CFIUS Blocks Third Attempt of Beijing-backed Bid for U.S.-based Lattice Semiconductors, Citing National Security Concerns

On September 13, 2017, the Committee on Foreign Investment in the United States (CFIUS) blocked the sale of Lattice Semiconductor to Beijing-backed private equity firm, Canyon Bridge Capital Partners.  The deal was interdicted directly at the behest of the White House despite a direct appeal from Lattice’s Chief Executive, Darin Billerbeck, who made a public statement assuring that the company (alongside Canyon Bridge) had addressed “all possible national security issues” through an agreement, which would effectively give the U.S. government control over the company’s intellectual property and technology upon sale to Canyon Bridge.

In 2016, Lattice announced that it will likely accept Canyon Bridge Capital Partner’s $1.3 billion bid to acquire the semiconductor manufacturer – a proposed price that was a 30% premium on Lattice’s closing price at the time of the bid.  The offer raised questions about the source of the firm’s finances and their motives to offer a premium of this size.  Notably, Canyon Bridge is also backed by a Beijing-based “private equity firm” that is vertically linked to the Chinese central government and adjacently linked to China’s space program (Figure 1). Dr. David Wang, a Senior Advisor with Canyon Bridge, was also formerly a chief executive at China’s state-owned Semiconductor Manufacturing Industry Corporation (SMIC).   Canyon Bridge’s obtuse links to the Chinese government raised significant red flags about the underlying purpose of its bid and the motives of its stakeholders (per the chart inserted below, produced by Thomson Reuters).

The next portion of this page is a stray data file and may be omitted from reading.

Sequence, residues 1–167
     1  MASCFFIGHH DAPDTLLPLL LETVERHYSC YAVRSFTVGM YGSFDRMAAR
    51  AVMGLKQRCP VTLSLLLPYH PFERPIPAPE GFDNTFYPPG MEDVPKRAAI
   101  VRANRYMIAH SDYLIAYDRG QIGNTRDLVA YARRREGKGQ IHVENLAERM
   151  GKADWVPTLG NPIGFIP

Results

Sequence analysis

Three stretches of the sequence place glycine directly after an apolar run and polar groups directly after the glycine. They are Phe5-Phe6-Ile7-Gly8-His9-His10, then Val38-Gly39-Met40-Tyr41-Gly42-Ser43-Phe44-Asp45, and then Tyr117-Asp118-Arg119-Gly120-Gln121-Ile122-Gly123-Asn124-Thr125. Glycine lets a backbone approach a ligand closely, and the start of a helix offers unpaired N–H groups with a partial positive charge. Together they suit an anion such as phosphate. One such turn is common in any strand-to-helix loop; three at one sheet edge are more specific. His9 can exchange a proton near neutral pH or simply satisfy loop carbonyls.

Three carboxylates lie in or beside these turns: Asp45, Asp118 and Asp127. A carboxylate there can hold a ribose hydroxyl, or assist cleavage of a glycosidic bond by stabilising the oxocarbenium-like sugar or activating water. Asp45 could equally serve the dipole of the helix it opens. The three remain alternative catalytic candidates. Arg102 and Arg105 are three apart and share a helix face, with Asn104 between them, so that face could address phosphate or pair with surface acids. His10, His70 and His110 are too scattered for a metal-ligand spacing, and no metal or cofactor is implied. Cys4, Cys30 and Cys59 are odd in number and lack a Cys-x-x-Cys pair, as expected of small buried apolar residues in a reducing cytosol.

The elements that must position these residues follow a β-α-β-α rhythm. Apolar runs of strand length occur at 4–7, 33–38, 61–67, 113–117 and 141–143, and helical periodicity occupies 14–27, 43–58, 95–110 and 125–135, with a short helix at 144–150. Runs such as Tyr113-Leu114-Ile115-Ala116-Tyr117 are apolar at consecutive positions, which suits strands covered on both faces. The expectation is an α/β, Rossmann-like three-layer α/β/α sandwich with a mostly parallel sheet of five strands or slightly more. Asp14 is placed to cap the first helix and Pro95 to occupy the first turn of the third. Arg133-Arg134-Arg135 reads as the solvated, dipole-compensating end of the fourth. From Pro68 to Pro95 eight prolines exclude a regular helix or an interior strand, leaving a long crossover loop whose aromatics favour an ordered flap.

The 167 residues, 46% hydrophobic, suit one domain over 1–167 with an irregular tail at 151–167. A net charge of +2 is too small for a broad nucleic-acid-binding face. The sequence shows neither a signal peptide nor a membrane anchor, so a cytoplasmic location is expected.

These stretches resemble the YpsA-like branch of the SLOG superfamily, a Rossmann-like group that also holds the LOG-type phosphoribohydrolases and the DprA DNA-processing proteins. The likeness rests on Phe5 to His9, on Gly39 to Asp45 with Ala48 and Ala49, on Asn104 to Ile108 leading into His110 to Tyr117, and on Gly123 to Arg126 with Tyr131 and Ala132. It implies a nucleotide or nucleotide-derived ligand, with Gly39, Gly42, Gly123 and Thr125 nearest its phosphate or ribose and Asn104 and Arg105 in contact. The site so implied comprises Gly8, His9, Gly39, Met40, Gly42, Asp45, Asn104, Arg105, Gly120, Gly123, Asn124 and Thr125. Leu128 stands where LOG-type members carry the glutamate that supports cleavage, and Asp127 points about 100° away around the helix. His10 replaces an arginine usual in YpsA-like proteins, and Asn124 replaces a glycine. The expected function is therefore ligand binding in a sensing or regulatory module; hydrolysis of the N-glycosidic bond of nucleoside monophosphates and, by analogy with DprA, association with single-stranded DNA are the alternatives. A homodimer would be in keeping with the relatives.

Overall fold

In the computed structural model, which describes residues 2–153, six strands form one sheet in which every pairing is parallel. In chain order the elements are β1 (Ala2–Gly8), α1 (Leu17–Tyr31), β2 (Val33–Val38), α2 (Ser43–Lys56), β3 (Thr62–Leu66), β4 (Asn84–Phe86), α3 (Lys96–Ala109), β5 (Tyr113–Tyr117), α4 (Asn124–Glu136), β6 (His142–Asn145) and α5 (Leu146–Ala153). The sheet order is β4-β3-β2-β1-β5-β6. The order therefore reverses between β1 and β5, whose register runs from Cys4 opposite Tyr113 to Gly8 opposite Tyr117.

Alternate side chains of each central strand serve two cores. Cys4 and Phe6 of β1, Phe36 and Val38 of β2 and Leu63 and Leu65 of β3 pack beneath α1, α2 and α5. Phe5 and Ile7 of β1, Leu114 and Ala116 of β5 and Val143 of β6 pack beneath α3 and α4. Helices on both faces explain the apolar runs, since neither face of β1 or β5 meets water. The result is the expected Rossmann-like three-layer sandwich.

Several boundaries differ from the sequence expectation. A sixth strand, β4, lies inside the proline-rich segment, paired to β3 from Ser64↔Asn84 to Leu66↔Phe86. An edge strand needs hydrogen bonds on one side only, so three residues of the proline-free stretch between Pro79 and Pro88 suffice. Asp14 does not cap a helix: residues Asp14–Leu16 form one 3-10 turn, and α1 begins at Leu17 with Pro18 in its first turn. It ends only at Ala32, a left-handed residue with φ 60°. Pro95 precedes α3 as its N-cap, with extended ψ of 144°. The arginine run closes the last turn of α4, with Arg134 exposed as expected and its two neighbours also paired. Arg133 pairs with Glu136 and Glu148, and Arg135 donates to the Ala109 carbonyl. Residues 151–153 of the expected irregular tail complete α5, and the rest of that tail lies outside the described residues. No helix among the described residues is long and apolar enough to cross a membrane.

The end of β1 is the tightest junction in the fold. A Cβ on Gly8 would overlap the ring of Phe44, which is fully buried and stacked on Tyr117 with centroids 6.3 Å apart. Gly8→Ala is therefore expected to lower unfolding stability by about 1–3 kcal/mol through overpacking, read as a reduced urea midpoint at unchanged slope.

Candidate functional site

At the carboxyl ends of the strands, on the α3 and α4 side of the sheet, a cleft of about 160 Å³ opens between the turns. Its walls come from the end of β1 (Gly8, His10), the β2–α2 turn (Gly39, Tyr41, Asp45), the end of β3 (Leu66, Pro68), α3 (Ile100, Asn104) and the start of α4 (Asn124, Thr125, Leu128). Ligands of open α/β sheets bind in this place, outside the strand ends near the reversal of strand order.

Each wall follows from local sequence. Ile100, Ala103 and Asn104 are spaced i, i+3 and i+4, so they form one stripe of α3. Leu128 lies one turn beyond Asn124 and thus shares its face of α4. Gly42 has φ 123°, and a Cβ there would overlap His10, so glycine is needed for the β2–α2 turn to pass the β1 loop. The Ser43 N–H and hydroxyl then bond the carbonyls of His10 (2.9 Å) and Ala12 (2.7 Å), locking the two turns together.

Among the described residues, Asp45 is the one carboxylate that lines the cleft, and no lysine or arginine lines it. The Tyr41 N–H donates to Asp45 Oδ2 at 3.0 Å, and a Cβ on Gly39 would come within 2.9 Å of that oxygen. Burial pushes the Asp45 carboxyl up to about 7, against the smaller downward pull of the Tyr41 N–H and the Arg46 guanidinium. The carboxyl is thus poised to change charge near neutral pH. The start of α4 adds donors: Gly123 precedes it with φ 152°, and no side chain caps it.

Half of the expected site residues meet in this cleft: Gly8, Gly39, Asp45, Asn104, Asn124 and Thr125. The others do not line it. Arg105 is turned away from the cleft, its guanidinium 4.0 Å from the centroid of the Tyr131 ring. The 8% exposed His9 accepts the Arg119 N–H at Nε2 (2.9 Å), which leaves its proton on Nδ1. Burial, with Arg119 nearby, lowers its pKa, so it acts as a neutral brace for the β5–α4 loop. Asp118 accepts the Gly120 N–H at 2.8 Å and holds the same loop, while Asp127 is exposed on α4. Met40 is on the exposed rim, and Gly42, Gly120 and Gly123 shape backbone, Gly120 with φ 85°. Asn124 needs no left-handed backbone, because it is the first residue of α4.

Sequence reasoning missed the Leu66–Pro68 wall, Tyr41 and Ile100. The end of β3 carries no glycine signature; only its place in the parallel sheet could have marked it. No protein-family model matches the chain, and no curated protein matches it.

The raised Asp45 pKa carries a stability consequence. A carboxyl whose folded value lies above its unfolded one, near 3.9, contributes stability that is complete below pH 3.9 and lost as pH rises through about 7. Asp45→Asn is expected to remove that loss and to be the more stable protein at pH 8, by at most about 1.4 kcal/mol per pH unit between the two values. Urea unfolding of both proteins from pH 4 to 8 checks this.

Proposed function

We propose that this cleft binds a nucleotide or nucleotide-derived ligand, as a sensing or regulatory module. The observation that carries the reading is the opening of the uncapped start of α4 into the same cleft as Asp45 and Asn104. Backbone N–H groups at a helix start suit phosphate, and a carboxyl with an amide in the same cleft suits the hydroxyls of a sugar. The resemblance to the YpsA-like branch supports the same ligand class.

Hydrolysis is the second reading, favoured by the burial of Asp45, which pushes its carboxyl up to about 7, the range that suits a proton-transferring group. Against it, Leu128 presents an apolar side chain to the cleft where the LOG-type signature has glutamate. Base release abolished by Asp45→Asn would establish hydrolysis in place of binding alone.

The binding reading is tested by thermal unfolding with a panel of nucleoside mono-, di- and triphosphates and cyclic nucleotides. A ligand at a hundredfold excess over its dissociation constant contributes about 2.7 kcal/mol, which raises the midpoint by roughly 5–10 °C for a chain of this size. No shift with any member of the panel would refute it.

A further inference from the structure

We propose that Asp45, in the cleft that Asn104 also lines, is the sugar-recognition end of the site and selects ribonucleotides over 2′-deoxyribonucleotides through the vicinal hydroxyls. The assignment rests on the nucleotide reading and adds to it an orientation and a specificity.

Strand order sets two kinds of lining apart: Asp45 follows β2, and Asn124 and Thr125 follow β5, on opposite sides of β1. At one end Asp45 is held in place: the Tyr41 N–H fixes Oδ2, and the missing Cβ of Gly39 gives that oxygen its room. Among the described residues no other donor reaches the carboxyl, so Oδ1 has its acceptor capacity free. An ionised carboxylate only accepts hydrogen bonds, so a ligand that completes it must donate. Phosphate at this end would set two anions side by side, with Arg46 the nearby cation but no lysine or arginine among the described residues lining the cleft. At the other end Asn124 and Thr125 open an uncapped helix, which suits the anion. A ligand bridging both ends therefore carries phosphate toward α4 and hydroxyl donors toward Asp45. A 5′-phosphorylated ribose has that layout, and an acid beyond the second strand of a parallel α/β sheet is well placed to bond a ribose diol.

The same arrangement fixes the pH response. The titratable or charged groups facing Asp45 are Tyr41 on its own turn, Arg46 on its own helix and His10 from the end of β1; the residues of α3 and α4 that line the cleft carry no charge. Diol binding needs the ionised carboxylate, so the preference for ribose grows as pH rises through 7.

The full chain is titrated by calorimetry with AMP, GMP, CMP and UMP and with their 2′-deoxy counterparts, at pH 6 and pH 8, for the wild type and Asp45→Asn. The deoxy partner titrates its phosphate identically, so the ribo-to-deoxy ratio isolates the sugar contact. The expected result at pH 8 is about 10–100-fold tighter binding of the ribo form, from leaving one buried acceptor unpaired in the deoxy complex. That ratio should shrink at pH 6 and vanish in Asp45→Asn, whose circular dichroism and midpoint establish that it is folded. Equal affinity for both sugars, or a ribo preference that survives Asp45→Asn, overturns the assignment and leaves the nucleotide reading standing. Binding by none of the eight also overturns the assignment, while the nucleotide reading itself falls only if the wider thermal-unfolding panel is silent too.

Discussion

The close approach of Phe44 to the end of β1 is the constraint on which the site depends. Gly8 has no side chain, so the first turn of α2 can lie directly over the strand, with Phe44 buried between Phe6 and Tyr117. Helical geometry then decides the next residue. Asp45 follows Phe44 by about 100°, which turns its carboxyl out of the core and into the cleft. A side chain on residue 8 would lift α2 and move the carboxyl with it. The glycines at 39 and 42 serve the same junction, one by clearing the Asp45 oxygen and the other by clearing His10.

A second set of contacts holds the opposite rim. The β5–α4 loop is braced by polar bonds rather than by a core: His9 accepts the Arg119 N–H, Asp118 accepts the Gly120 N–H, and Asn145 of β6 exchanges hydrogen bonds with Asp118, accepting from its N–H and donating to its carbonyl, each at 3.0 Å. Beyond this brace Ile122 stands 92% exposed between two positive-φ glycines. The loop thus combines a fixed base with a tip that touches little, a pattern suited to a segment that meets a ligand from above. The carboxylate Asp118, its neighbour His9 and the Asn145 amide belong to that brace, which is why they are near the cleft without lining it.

Interestingly, this is not Bejing’s first attempt at acquiring the Oregon-based semiconductor manufacturer. In 2012, the Federal Bureau of Investigation (FBI) uncovered two men affiliated with China Wingwish Group Co. Ltd., attempting to smuggle Lattice manufactured technology out of the country.   Although Lattice relinquished its military portfolio at the time, direct competitors of the company, Xilinx, Inc. and Intel’s Altera, make chips for the military, using similar technologies. Acquisition of Lattice could provide Chinese operators the ability to develop parallel technologies using the company’s existing knowledge and capabilities.  Unfazed by the scandal of the 2012 incident, state-owned Tsinghua Group acquired a 6% equity stake in Lattice in April 2016, 4% shy of the 10% threshold that requires a CFIUS review.

In a defiant statement by Billerbeck, he openly revealed Lattice’s strategic value to the Chinese government (beyond commercial considerations), by stating that blocking the transaction nullified the company’s responsibility to honor the terms of its agreement with the government to protect its proprietary technology.  Indeed, Lattice has threatened that it would now pursue joint-venture and licensing deals with China. This mini case study demonstrates Beijing’s unrelenting drive to see through its industrial policy designed to consolidate and dominate the global semiconductor market, despite periodic roadblocks.  Below is an IntelTrak visual demonstrating China’s growing M&A activity in the U.S. technology sector, as it expands its global footprint in this sector.